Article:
My God, my God, why have you forsaken me?


My God, my God, why have you forsaken me?

Does anyone else feel this way sometimes? :(:shrug:
Why did God leave us in such a painful world? …even Christ ask his Father to remove his cup of agony in the garden.

We can ask the saints to pray for us, but better still I wish I could just ask God to end all life and bring us back to him in heaven instead.

  1. Yes, I feel like that often.

  2. The answer is that God must see something worthwhile in this world, despite all the pain and suffering. And since the World is His, He can keep it around as long as possible.


But that is just so harsh, why can’t it just end because of all the pain?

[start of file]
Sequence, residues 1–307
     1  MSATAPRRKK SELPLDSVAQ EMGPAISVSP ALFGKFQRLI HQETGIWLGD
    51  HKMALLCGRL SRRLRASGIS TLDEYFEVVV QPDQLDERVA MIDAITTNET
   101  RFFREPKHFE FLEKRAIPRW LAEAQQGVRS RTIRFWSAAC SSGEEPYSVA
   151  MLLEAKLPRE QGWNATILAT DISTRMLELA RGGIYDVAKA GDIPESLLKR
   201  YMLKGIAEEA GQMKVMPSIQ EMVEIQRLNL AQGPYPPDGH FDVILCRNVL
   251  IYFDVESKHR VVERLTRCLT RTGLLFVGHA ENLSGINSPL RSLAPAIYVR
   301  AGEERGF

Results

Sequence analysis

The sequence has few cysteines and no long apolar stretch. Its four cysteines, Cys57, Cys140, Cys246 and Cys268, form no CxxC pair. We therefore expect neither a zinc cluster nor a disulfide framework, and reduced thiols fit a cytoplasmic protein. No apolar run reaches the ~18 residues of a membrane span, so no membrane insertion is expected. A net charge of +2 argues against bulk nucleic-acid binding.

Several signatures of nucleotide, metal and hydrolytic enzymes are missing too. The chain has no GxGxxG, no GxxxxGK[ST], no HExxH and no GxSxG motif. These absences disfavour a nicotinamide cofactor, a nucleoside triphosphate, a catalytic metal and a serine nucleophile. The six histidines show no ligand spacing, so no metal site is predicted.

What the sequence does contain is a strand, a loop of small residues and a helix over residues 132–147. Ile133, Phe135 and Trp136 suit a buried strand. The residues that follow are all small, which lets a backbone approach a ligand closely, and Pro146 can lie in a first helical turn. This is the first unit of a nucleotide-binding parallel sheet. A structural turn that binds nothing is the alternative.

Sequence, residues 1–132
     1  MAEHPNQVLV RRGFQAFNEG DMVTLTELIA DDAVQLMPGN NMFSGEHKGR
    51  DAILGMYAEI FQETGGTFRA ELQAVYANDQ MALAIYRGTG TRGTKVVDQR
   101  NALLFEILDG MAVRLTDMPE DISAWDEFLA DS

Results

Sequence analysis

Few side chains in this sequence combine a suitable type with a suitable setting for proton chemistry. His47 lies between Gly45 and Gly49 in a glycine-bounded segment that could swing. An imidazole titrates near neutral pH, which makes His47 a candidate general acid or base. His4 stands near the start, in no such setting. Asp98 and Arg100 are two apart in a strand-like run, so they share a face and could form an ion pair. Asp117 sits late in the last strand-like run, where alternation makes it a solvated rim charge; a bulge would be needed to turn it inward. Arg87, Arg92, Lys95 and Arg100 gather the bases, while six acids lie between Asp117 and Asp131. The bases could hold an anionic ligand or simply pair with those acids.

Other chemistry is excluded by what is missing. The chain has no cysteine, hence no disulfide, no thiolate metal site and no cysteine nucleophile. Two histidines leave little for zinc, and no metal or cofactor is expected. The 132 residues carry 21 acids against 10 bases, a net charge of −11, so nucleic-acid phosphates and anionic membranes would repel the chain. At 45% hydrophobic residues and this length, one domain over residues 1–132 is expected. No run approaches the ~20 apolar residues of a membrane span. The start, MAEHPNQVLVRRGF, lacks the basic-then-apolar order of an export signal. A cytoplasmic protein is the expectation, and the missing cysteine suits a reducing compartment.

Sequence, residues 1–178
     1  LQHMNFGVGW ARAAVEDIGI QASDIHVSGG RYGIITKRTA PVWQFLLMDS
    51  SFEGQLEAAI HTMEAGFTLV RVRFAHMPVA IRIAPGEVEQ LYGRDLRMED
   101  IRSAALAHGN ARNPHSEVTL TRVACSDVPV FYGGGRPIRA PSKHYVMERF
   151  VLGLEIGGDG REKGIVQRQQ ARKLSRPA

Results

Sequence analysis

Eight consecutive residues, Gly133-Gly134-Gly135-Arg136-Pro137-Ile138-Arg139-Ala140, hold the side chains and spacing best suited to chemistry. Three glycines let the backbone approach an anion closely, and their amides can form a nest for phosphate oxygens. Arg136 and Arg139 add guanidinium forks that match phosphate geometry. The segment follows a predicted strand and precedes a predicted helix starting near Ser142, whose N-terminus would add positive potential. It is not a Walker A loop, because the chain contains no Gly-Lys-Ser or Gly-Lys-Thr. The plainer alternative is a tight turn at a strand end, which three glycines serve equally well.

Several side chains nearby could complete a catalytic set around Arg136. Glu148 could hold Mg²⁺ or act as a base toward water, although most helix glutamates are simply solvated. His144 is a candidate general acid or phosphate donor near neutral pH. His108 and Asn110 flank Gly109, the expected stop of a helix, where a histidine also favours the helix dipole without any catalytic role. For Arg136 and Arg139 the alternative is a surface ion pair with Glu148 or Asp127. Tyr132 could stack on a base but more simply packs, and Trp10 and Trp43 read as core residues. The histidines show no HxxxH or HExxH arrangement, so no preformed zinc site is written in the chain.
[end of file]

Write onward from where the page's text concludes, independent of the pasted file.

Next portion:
Suffering is here to teach us our finiteness, our weakness, and even our guilt.

“The Fear of the Lord is the beginning of wisdom.”


A woman goes thru terrible pain before giving birth to a child. Should we just not have children? There is a lot of pain but also a lot of good. For whatever reason God thought this world was worthwhile to die for and is still worthwhile. Why don’t you ask God and see what HE says?


But what about people who are born into an abusive life and even die that way? There is just no end to the pain…


I say this; have no children, then finally we will all perish (the human race) and at last we will all be with the Lord, our God and no one will suffer, because no one will be born to this Earthly hell…


Zundrah, you should look at this Care Note for Catholics sometime. It really explains well how suffering can bring us closer to Christ:

If you can’t find one at any of your local churches, you can buy one online. It’s only 59 cents plus shipping and handling.